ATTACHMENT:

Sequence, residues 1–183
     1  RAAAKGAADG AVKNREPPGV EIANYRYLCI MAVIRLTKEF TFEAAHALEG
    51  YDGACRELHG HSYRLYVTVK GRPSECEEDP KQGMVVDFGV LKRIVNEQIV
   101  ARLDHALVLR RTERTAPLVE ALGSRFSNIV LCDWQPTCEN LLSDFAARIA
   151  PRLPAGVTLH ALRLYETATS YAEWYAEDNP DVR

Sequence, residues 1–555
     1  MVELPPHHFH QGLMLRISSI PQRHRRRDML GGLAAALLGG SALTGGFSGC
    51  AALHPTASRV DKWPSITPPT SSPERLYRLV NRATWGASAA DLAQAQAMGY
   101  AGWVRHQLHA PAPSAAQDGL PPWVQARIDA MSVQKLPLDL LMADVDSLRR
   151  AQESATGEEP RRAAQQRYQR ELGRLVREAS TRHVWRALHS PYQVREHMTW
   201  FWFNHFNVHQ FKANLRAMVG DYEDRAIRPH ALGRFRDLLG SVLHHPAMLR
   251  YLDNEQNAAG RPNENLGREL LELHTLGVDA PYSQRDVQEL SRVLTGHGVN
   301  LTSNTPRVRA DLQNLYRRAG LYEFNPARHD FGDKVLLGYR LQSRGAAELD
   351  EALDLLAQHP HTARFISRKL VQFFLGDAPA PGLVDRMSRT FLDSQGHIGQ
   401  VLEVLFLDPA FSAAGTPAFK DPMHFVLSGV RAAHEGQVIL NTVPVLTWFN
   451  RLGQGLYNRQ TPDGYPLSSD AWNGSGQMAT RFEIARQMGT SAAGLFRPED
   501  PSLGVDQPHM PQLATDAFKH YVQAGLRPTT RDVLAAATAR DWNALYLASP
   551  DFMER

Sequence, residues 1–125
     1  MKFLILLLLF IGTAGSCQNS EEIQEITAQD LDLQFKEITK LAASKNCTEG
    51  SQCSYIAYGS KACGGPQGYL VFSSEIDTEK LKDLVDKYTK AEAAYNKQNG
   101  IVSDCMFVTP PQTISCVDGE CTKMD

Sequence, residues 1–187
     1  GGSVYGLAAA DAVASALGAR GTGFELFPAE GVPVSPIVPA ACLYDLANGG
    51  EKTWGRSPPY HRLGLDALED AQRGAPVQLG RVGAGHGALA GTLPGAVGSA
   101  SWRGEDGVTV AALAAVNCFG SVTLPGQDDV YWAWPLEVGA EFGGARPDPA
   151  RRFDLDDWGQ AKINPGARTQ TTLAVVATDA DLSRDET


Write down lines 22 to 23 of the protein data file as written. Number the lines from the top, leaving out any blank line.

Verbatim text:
   101  IVSDCMFVTP PQTISCVDGE CTKMD

Sequence, residues 1–187